Although the overall percentage of cases filed actually going to trial remains predictably low (around 2-3%, depending on where you’re getting your data, the period covered, and type of case), this year has started off (for us, anyway) with a trend we’ve seen before during times of economic growth. I’m not going to get all analytical here, but it is noteworthy to those involved in litigation and related services.
At just over halfway through February, we’ve had twenty cases on our 2018 trial calendar, and nine have settled. Some of these have not yet started trial, but that is a 45% settlement rate, or 55% of our cases have gone or appear to be going to trial.
Compared to recent years where we have seen a lower volume but higher “run” rate (around 80% in 2017), this seems to indicate that the use of technology-driven litigation support services (e.g., trial presentation) have become the desired or default method of presenting evidence. In other words, more trial teams are bringing in qualified assistance earlier in the litigation, and not waiting until the last minute, when all efforts at settlement or resolution have been completely exhausted. I see this as a win for everyone – the trial team gets some assistance and direction early on, the client gets the benefit of additional preparation, and of course, the service provider benefits as well. Trials are not won by intentionally limiting preparation.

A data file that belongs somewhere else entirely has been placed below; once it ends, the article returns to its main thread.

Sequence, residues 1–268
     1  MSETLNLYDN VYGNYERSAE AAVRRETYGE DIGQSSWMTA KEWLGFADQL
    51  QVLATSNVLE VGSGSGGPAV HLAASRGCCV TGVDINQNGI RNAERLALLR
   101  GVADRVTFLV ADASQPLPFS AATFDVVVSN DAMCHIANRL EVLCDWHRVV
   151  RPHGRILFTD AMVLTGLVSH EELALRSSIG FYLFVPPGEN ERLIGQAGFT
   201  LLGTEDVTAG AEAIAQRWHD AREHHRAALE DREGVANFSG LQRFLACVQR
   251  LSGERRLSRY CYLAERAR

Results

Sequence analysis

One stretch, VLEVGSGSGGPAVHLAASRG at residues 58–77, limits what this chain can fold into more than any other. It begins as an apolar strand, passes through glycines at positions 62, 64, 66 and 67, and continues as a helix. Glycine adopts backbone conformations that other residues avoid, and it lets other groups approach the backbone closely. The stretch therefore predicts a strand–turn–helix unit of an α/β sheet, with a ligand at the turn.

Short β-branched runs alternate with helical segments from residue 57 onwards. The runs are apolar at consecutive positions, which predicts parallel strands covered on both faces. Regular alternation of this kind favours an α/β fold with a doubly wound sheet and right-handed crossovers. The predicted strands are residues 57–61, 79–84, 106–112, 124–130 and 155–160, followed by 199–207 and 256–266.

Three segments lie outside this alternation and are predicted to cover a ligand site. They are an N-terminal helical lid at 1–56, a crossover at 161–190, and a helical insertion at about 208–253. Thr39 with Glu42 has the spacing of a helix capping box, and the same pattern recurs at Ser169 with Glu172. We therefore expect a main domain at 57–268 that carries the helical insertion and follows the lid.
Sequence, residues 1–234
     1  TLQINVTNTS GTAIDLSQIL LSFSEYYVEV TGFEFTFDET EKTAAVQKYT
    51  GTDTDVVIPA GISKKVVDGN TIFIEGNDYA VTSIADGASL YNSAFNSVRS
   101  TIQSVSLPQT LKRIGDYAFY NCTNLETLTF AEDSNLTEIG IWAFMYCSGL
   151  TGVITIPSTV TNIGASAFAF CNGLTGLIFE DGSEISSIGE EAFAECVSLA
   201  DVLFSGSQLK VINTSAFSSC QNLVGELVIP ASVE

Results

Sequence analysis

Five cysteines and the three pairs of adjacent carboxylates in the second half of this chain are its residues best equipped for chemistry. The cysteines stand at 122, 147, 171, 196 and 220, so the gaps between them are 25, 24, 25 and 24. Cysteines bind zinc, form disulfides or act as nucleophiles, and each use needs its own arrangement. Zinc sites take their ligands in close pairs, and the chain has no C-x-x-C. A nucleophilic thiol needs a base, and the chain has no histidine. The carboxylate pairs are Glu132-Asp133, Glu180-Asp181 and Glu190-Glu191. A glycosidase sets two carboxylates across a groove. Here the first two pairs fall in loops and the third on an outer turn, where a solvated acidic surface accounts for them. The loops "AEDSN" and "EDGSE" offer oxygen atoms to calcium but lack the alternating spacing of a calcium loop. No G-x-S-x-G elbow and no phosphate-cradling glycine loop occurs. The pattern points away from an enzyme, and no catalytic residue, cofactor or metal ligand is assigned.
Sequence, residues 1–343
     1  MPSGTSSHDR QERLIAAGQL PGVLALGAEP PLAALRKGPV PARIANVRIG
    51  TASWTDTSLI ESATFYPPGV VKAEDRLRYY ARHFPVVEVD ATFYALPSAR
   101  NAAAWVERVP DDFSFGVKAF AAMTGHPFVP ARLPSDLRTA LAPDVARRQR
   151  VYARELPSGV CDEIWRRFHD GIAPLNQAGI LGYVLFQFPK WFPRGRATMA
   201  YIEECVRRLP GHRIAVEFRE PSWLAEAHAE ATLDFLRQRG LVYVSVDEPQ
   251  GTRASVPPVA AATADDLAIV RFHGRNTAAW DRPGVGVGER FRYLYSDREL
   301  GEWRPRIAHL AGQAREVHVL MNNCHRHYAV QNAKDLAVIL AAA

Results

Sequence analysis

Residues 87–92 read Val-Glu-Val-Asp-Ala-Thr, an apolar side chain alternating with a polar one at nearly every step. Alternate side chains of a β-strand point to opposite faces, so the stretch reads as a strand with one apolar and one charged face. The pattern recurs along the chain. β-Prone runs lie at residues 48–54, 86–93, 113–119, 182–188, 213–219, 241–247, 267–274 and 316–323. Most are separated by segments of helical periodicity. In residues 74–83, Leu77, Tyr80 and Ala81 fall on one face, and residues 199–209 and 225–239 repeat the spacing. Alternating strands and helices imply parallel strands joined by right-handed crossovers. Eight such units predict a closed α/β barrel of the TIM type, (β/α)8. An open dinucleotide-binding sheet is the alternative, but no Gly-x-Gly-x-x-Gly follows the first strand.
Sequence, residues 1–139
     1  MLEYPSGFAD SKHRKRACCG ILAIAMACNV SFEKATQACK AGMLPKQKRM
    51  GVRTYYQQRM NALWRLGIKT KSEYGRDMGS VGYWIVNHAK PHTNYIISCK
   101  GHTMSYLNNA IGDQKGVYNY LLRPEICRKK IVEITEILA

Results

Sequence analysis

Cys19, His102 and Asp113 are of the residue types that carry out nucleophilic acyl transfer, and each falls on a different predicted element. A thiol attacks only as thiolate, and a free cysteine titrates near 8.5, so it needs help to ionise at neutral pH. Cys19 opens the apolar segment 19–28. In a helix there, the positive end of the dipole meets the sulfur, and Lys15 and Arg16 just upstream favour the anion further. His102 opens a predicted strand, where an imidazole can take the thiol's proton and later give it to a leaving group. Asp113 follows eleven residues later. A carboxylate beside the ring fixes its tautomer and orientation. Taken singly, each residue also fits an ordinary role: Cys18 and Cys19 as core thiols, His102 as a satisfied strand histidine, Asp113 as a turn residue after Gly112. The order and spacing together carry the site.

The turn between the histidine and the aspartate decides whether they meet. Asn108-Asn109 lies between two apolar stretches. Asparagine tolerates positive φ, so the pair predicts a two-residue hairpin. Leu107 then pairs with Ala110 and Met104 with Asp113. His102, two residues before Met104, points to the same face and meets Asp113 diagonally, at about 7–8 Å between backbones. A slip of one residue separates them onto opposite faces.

Although this is certainly not a scientific study, I see our little sampling as very encouraging and beneficial for everyone involved in litigation – from the Plaintiff to the Expert Witness, attorneys and jurors. Even the Court benefits when technology is properly utilized in trial, shortening the length of a matter significantly.
I’ve heard many excuses over the years attempting to justify not using technology (see Why You Should NOT Use Technology in Your Trial), and we’ve all seen how technology can reshape an entire industry (e.g., Uber, Lyft and Taxi Cabs).
Whether you hope to settle or try your case, it is always advisable to plan for the best, and prepare for the worst.